Cutting Through The Crap

Friday, June 24, 2011

Infrastructure


As long as we're enumerating things teabaggRs believe that are demonstrably and dangerously wrong (and I was), I received a missive from my investment guy the other day, which referenced the most recent commentary of Bill Gross, co-founder of PIMCO and, evidently, a highly respected voice in financial and investment matters. As if to confirm its importance, several sites which I visit regularly have referred to the article as well. The whole piece is here. In it, Mr. Gross takes on both congressional Ds and Rs, but the thrust is about the false argument by Rs that government doesn't create jobs, private businesses do.

Solutions from policymakers on the right or left, however, seem focused almost exclusively on rectifying or reducing our budget deficit as a panacea. While Democrats favor tax increases and mild adjustments to entitlements, Republicans pound the table for trillions of dollars of spending cuts and an axing of Obamacare. Both, however, somewhat mystifyingly, believe that balancing the budget will magically produce 20 million jobs over the next 10 years. President Obama’s long-term budget makes just such a claim and Republican alternatives go many steps further. Former Governor Pawlenty of Minnesota might be the Republicans’ extreme example, but his claim of 5% real growth based on tax cuts and entitlement reductions comes out of left field or perhaps the field of dreams. The United States has not had a sustained period of 5% real growth for nearly 60 years.

Both parties, in fact, are moving to anti-Keynesian policy orientations, which deny additional stimulus and make rather awkward and unsubstantiated claims that if you balance the budget, “they will come.” ...

... Well, commonsensically and anecdotally, I know of no family who, after watching the Republican candidates’ debate in New Hampshire, went out the next day and bought themselves a flat screen under the assumption that their Medicare entitlements would be cut in future years and the U.S. budget balanced. ...

...Additionally and immediately, however, government must take a leading role in job creation. ...

In the near term, then, we should not rely solely on job or corporate-directed payroll tax credits because corporations may not take enough of that bait, and they’re sitting pretty as it is. Government must step up to the plate, as it should have in early 2009. An infrastructure bank to fund badly needed reconstruction projects is a commonly accepted idea, despite the limitations of the original “shovel-ready” stimulus program in 2009.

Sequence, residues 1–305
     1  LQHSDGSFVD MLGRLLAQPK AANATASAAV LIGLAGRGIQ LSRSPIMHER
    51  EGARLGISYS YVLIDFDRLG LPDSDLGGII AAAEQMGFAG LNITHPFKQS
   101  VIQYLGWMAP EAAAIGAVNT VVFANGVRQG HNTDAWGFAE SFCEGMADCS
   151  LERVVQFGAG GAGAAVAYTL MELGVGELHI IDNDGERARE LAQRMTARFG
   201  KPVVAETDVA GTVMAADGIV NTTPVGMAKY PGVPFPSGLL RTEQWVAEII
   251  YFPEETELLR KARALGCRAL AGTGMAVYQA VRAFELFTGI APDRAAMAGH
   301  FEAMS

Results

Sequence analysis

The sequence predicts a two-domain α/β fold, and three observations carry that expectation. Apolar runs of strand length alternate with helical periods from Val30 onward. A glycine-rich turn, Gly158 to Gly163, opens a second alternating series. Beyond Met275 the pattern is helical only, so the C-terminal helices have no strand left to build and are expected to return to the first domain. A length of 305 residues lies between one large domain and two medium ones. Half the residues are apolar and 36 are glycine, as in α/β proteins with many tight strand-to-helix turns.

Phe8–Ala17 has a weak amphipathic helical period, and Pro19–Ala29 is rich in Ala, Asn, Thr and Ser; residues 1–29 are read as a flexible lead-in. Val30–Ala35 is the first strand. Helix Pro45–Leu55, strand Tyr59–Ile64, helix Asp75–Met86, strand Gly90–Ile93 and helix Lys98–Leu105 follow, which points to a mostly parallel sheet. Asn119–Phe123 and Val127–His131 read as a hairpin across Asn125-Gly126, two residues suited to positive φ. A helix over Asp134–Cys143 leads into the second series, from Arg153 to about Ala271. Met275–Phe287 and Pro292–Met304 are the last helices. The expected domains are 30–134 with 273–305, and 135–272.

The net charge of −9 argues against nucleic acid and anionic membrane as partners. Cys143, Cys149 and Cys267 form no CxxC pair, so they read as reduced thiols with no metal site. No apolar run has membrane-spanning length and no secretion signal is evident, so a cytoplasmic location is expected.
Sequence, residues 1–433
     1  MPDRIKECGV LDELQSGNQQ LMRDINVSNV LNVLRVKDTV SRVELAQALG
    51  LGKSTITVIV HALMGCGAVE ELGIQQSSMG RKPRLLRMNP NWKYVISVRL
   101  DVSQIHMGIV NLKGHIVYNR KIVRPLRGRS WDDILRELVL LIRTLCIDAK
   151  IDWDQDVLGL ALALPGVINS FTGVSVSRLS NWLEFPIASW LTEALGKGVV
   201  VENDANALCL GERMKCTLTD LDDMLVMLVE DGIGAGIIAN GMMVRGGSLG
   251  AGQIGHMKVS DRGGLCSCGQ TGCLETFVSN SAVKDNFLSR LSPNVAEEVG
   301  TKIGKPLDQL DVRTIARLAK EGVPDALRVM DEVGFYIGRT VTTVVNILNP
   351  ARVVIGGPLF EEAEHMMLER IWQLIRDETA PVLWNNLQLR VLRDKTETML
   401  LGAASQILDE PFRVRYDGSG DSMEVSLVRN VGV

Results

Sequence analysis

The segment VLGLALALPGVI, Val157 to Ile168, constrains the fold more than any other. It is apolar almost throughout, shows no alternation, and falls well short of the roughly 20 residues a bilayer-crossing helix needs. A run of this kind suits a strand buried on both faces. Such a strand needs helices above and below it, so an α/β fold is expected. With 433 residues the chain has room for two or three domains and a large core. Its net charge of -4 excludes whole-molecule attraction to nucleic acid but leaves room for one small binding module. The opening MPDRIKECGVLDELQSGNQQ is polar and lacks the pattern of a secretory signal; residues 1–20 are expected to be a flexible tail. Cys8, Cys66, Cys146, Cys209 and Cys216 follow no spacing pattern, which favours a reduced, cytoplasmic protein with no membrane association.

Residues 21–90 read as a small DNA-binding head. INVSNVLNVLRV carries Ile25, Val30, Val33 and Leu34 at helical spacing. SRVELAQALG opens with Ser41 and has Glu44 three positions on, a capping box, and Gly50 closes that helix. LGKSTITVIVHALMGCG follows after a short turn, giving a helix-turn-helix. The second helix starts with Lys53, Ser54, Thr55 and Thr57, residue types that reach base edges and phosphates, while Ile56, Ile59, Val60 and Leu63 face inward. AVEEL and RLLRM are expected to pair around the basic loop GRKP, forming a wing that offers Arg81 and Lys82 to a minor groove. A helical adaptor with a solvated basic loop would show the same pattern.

It makes so much sense that even a non-economist like myself has been arguing for it since the stimulus was just a gleam in Obama's eye: too much in tax cuts, not enough in infrastructure spending.

And yet, precisely because it makes so much sense, it'll never happen as long as teabaggRs control the House. What's good for the country, what works, what is needed whether it fits their encrusted ideology or not -- is simply off the table. Unless it fills the pockets of the wealthy Republican sponsors, good ideas from reasonable people are like tea in Boston harbor: sunk.

[Addendum: hardly liberal, the WSJ weighs in in similar fashion.]

[And, finally, Ds are beginning to state the obvious: Rs don't want the economy to recover before the election. Screw the country? Who cares? As long as it might get them votes.]

1 comment:

Anonymous said...

Hey Sid,
OK, We didn't watch the Debate, I had vintage 3 Stooges episodes to clear out of the DVR, Mrs. Drackman was working the 3-11 shift, Daughter #2 had a "Date" with a kid who's grandfather probably guarded John McCain. and Daughter #1 was......................
studying for her first IFR flight..
and deciding which 50 inch Plasma she wanted for her dorm room, which I promised I'd pay for if she made all A's freshman year.
Which(the TV) is all I've had to pay for, cause Red Neck Georgia has this thang called the "Hope" Scholarship which uses the profits from lottery tickets sold predominantly to poe' minorities to pay for College predominantl for rich majoe'ities.
So while we didn't watch the Debate, we did buy a Plasma TV the next day.
And its rediculous how cheap Plasmas have gotten, I remember payin $2,400 in 1997 for a 40 inch Mitsubishi CRT that required an NFL Offensive Line to lug up to the 3rd Floor of the tony Georgetown Townhouse I almost bought instead of rented, and "sniff" sold for 900k last year even in a "down" market:(...


Frank